What Bolsonaro Wants for Brazil and How He Will Try to Get It

Nov 1, 2018 | 11:30 GMT

Brazilian supporters of populist candidate Jair Bolsonaro celebrate his presidential victory on Oct. 28.

Supporters of presidential candidate Jair Bolsonaro celebrate in front of his house in Rio de Janeiro after he won Brazil's presidency on Oct. 28. Bolsonaro defeated Fernando Haddad in a runoff election.

(BUDA MENDES/Getty Images)


  • Once he takes office on Jan. 1, Brazilian President-elect Jair Bolsonaro will try to fulfill his campaign promises on crime and economic growth by tightening domestic security and increasing Brazil's trade prospects through amendments to its customs union charter.
  • Bolsonaro eventually could also apply greater scrutiny to Chinese investment in Brazil and leave the door open to limited military action against Venezuela.
  • Bolsonaro faces a potentially bumpy road ahead. Applying more scrutiny to Chinese investments could run into resistance from Brazil's private sector, and amending the customs union charter of the Common Market of the South would require careful negotiations with Argentina — the nation most likely to object.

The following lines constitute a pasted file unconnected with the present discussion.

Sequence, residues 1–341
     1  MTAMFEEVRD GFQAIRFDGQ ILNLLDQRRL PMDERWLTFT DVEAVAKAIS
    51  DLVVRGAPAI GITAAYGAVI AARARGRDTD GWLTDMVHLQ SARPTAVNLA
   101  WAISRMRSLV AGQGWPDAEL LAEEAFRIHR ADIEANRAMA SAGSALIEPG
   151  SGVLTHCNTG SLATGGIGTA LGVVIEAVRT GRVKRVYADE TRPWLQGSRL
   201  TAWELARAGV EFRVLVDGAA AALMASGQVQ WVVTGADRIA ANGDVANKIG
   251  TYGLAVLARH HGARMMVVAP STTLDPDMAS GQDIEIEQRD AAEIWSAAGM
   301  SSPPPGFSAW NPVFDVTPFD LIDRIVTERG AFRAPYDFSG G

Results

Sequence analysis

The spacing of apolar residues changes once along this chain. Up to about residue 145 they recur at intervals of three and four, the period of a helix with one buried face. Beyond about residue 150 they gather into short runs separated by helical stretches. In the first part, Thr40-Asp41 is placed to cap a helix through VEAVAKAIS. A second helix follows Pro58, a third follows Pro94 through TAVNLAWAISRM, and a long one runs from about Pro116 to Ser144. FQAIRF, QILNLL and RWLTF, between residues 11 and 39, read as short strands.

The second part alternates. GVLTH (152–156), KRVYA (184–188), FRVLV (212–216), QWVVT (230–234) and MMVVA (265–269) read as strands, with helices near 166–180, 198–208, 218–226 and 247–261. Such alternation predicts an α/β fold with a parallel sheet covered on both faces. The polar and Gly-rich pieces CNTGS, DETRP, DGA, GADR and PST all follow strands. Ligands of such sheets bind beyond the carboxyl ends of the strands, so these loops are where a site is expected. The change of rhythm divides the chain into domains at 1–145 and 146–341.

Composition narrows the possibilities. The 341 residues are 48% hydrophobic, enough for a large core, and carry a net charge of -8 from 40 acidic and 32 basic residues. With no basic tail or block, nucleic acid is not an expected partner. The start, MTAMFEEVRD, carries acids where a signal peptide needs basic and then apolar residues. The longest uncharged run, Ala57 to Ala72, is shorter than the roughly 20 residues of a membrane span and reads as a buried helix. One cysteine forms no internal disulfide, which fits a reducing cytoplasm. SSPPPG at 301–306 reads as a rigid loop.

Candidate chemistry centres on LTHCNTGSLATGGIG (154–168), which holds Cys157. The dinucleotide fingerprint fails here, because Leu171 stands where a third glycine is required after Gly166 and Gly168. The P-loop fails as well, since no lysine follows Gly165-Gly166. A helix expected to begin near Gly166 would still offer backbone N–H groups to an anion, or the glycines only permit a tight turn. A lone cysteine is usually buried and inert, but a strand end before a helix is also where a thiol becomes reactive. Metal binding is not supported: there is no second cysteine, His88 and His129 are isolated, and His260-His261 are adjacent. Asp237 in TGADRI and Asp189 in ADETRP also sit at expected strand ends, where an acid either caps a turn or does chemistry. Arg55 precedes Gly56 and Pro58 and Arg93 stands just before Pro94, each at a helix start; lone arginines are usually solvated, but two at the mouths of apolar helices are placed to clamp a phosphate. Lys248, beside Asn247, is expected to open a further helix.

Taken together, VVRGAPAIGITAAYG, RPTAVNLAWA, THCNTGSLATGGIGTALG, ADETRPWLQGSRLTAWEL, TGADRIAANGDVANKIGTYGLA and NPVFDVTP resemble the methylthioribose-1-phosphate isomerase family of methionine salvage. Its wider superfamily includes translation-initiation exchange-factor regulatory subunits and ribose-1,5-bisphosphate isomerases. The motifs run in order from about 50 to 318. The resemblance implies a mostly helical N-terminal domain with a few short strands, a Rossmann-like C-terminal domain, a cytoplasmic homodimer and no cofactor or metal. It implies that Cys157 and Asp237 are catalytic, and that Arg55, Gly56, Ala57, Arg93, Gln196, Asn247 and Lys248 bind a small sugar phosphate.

During the two months before Brazilian President-elect Jair Bolsonaro takes office on Jan. 1, he will begin to fill in the details of a busy agenda that is shaping up to be a politically controversial one. Bolsonaro, who ran on a law-and-order political platform, wooed Brazilian voters weary of years of economic decline, growing crime and corruption scandals reaching the top echelons of government with promises to create stability and economic growth. While his policies to fight corruption are still works in progress, they likely will form a centerpiece of his presidency. Also at the top of his priority list will be satisfying voter demands for greater economic growth. To address those concerns, Bolsonaro will try to loosen regional trade regulations. Driven by his own ideology and the rising trade confrontation between the United States and China, Bolsonaro is likely to cast a more skeptical eye on Chinese investments in...

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